Suzuki also had two hits. Travis Hafner got the Yankees off to a good start against Moore with a two-out, RBI single in the first inning, but it would be a long time before they scored again and in the most difficult of circumstances – two out, nobody on base and down to their last strike. Victories do not come sweeter than this.
Hiroki Kuroda had some sloppy Toronto base runners to thank for helping him get through an important start for the Yankees Friday night. Their 11-4 victory kept them one game ahead of the Orioles, 9-1 winners at home against the Red Sox, in the American League East standings.
Brett Lawrie and Yunel Escobar led off the first two innings with doubles, and both were erased on dumb moves on the bases. Nick Swisher, who had given Kuroda a 2-0, first-inning lead with a two-run double, fielded a grounder by Colby Rasmus at first base and noticed Lawrie had broken off the bag at second too far and quickly threw to shortstop Derek Jeter covering for a big out.
In the second inning with the Yankees ahead, 3-0, Escobar was at third base after a wild pitch by Kuroda. As Kelly Johnson struck out, catcher Russell Martin noticed Escobar drifting off the bag and fired a strike to Alex Rodriguez for another huge out.
Kuroda thanked his teammates by not giving up a lead in the game for the first time in six starts. The Blue Jays loaded the bases later in the third inning with two out, but Kuroda got a major out himself by striking out Rasmus with an inside fastball on a full count.
It was not vintage Kuroda, who spent most of his 5 1/3 innings pitching out of the stretch what with all the runners he put on base. The righthander allowed 10 hits and two walks, but the Jays had only one hit in eight at-bats with runners in scoring position off Kuroda, who gutted his way through a victory that improved his record to 15-11.
The Yankees, who have not always supported Kuroda with a lot of runs this year, fortified him throughout this game. Of the Yankees’ 11 runs, nine were scored after two out. The crucial hit was Russell Martin’s three-run home run in the sixth that turned a tight 3-1 score into a comfy 6-1.
Martin’s 20th homer of the season came off righthander Jason Frasor, who entered the game after lefthander Brett Cecil had struck out Curtis Granderson and Raul Ibanez with runners on first and second. Frasor then walked Eric Chavez and allowed singles to Jeter and Ichiro Suzuki to make it 7-1.
In 19 games since Sept. 3, Martin has batted .299 with three doubles, six home runs and 19 RBI in 67 at-bats to raise his batting average from .195 to .212. With his career-high total, Martin is the fifth Yankees player to reach the 20-homer plateau, joining Granderson (40), Robinson Cano (30), Swisher (24) and Mark Teixeira (23).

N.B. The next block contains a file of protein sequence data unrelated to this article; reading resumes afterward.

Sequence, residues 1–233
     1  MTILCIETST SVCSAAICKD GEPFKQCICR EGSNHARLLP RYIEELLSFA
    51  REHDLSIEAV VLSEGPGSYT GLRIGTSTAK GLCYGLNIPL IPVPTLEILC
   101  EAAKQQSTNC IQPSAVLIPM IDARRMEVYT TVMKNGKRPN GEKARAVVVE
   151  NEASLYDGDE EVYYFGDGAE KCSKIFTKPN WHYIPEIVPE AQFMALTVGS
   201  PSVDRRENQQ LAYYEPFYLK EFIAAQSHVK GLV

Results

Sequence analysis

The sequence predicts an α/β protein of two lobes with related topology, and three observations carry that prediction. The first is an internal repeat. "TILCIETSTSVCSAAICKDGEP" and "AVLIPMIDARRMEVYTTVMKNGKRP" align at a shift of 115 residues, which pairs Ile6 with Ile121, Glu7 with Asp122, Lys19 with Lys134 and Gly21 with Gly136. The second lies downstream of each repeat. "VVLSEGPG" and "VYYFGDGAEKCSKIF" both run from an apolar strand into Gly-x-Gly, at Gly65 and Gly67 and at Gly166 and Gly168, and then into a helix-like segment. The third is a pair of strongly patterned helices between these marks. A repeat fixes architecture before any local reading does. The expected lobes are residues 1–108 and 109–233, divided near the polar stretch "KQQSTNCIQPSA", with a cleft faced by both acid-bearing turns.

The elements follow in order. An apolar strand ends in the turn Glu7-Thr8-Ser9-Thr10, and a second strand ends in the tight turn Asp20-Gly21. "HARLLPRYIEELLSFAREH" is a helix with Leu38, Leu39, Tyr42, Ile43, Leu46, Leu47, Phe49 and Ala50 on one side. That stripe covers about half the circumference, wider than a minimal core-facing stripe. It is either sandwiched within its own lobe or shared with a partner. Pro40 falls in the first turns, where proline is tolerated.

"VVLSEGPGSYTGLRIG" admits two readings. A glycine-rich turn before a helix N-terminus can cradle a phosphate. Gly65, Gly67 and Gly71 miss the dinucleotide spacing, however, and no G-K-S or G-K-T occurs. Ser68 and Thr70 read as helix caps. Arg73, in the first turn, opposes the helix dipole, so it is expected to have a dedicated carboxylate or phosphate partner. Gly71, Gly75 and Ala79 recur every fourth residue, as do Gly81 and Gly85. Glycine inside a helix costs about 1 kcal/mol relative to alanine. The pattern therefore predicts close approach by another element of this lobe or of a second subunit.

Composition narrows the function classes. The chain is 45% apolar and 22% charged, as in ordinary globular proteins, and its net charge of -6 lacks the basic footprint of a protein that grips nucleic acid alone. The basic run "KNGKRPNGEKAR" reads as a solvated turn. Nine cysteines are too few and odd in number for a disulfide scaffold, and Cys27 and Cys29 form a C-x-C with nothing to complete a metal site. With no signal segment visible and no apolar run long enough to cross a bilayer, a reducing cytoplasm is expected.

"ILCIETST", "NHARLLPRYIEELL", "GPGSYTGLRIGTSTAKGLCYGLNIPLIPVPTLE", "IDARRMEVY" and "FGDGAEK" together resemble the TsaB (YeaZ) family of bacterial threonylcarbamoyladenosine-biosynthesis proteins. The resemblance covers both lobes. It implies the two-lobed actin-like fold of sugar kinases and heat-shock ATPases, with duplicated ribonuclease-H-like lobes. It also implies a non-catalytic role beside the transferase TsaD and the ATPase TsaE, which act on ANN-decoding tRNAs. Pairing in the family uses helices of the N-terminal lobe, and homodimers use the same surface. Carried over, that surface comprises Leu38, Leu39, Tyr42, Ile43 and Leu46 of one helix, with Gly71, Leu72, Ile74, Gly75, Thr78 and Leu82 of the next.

It was truly an ensemble offensive effort for the Yankees. Everyone in the starting lineup had at least one hit. The last to join the hit parade was Chavez with a two-run home run in the ninth. He had contributed earlier with two walks and a run. The Yankees had 6-for-15 (.400) with runners in scoring position.
Whether the Yankees like it or not, they are going to be in a division race. The 10-game lead in the American League East that they had July 18 is ancient history. The Orioles went into their game Wednesday night against the White Sox trailing the Yanks by only two games in the loss column and are due at Yankee Stadium Friday night to open a three-game series that could have ramifications on what kind of a September is in store.
Yankees fans must hope their team will play better than it did against the Blue Jays in losing two of three games to the division’s cellar dwellers. Wednesday’s 8-5 setback was a messy affair. CC Sabathia, the staff ace, failed to hold leads of 2-0 and 4-3, although his defense betrayed him in spots.
The biggest spot was in the third inning. An error by third baseman Jayson Nix opened the doors to a three-run rally. The Yankees appeared to have escaped danger in a bases-loaded, none-out situation with Nix fielding Mike McCoy’s grounder, tagging third and throwing home for a twin killing.
Broken-bats by Edwin Encarnacion and Adam Lind tied the score before Yunel Escobar got the first of his four hits, three doubles and five RBI with a shot to left that put the Jays ahead. The only reason the Yankees were able to regain the lead with two runs in the third was because left fielder Rajai Davis misplayed Curtis Granderson’s line drive into a two-run double, one of six two-baggers the Yanks had in the game.
The one big mistake by Sabathia was hanging a full-count slider in the sixth to Escobar, who crushed it into the left-field bleachers for a two-run home run. Escobar had actually attempted to bunt earlier in the at-bat. Six of Sabathia’s eight strikeouts in seven innings were on sliders, but the one to Escobar in that situation was too fat.
Still, the Yankees had chances, loads of them, to get back into the game. Nix doubled to lead off the sixth and never got past second base. Robinson Cano doubled with one out in the seventh and ditto. Successive doubles by Raul Ibanez (6-for-18 as a pinch hitter) and Russell Martin in the eighth got the Yankees within 6-5, but Martin was stranded.
The Yankees had 3-for-17 (.176) with runners in scoring position. Meanwhile, the Blue Jays had 5-for-13 (.385) in the clutch in sending Sabathia to his first loss in 10 starts since June 7. It also ended an eight-game winning streak Sabathia had against the Blue Jays dating to May 1, 2007 and marked his 10th loss in 42 decisions at the current Stadium.